We finished loading our canoes with 120 lbs of gear in each, then set sail.  Another 8 miles to our final camp at Basswood Lake.  We'd hang out there for the next week.



Does anyone read these things?

-Beard

25 comments:

  1. Reading and enjoying. Hate camping, love canoeing. Hubby loves both and so does our daughter.

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    1. Camping can be great or terrible, depending on conditions and how prepared you are. Rain is tolerable if the tent doesn't leak, but setup or tearing down tents when wet is like wet dog.

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  2. I've been enjoying your canoe posts very much, although with a great deal of envy. I live in Phoenix, with nary a scenic lake for 100+ miles, and yet I love canoeing. But with kids ages 5,2, and -2 months, jobs here, and a husband that doesn't like lakes or camping, it'll be a long time before I can do something like this. Maybe in 15 years, my son and I can make it a mother-son adventure. :-)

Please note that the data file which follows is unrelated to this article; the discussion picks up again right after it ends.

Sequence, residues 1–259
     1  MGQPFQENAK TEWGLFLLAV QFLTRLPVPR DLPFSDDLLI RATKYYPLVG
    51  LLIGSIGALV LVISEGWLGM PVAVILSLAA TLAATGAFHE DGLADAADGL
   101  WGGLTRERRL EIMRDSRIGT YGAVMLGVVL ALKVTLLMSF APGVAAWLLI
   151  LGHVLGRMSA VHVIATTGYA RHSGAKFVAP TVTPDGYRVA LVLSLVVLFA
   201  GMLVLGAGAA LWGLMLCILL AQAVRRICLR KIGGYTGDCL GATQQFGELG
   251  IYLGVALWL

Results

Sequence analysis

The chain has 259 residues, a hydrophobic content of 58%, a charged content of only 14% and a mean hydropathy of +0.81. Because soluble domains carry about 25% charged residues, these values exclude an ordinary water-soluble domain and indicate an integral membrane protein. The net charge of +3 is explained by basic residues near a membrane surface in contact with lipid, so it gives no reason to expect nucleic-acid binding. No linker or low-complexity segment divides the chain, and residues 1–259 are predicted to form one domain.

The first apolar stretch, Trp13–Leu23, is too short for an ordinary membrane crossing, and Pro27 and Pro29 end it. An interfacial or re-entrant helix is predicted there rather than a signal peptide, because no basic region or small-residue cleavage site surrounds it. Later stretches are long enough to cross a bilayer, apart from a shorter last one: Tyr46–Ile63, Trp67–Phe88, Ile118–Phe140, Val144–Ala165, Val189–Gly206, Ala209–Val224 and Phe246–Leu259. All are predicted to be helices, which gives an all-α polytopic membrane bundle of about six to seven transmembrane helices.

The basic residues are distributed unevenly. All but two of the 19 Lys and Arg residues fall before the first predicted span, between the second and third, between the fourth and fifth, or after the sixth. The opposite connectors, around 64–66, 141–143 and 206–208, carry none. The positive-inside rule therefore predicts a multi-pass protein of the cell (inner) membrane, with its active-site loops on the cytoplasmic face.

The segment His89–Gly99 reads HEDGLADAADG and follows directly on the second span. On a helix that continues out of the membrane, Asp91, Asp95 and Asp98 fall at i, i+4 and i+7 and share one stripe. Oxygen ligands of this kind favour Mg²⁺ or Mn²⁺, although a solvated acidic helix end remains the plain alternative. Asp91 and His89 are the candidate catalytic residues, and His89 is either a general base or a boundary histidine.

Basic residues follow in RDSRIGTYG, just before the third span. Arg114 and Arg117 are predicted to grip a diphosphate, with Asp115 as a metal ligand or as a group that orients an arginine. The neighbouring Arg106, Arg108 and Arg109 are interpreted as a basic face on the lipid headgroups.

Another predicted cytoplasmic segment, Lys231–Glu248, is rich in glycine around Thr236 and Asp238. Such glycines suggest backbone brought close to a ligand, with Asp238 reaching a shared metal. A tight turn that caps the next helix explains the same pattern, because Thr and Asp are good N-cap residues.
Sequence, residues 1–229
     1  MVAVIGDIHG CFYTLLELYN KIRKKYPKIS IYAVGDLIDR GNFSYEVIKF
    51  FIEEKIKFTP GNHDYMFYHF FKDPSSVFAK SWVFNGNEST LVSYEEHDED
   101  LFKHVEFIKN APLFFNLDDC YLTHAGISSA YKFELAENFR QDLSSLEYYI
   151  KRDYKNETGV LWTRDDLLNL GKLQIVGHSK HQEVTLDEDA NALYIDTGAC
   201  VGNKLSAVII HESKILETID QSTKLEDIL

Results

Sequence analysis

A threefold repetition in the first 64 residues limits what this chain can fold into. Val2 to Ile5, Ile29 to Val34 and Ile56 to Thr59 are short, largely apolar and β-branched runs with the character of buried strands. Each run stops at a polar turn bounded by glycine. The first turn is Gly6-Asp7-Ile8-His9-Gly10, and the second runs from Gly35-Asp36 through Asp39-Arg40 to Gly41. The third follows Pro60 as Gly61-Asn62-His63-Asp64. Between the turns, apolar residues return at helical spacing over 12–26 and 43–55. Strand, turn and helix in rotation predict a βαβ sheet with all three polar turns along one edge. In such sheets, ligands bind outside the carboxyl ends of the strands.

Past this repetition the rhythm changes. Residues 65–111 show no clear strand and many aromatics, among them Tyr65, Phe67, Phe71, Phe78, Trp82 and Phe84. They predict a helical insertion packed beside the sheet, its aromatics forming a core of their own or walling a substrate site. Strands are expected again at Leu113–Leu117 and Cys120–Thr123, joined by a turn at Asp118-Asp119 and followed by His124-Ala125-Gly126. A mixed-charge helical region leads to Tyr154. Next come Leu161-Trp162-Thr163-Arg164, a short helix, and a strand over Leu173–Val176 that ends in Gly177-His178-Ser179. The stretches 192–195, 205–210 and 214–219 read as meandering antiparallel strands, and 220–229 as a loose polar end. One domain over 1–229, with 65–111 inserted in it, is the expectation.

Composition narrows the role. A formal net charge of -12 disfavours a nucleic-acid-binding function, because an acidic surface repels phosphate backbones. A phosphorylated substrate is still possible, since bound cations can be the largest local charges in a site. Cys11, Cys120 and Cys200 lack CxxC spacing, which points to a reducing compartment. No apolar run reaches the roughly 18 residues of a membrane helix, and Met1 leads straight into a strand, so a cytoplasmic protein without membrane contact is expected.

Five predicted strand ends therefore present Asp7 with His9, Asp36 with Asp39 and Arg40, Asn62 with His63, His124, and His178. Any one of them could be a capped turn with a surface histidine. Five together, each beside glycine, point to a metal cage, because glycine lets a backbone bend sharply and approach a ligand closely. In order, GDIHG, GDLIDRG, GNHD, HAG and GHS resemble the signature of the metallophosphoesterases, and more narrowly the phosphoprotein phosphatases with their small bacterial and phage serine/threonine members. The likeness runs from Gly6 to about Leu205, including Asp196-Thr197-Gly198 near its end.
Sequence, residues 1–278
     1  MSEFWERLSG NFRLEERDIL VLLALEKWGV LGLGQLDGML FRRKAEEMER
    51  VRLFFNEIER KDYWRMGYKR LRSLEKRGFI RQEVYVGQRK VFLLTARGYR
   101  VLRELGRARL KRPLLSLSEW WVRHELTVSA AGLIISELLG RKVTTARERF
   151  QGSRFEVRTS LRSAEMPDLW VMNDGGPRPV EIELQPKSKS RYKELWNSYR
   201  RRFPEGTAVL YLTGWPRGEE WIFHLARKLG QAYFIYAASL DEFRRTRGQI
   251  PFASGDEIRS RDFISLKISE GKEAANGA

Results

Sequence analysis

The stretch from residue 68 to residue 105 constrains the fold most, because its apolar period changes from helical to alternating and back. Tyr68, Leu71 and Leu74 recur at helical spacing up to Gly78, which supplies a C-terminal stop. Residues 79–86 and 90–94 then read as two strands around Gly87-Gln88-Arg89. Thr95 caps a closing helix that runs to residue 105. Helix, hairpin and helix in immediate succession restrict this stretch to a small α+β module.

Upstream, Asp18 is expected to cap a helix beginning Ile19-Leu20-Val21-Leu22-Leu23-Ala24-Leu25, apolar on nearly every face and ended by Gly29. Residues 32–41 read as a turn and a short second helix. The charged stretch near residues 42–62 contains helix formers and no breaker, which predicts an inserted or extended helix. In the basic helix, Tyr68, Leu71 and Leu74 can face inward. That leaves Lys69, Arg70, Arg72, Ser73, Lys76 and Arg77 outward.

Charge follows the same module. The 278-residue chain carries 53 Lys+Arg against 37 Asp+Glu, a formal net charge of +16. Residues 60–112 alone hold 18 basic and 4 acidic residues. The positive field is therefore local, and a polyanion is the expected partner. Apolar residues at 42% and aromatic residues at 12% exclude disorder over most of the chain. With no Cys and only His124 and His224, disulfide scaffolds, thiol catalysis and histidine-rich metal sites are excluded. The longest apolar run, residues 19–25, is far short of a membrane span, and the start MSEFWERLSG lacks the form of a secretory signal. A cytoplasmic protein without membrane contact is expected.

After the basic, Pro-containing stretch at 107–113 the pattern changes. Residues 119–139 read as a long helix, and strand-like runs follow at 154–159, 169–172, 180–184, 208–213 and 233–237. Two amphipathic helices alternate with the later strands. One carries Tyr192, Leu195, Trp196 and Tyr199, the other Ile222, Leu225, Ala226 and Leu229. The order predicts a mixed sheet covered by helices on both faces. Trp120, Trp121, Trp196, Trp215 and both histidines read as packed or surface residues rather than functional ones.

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    1. Anonymous4/07/2014

      Don't wait until your kids are 15 to start going on adventures with them. I assure you that you can take mini camping and canoeing trips with them right now...even if your husband is not present (which kinda sucks!). Your kids will appreciate the time with you and those are the memories that count...not the ones where they're playing videos games in front of the tv while you play Candy Crush on your phone.

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    2. Agree with Anon, your 5 year old and likely your middle are old enough to camp and float. We saw a family of 4 canoeing deep into the Boundary Waters on day 3. Mom, dad and two little heads poking up from the middle of the boat. They had tons of supplies, so guessing they were going to camp out for a week or two.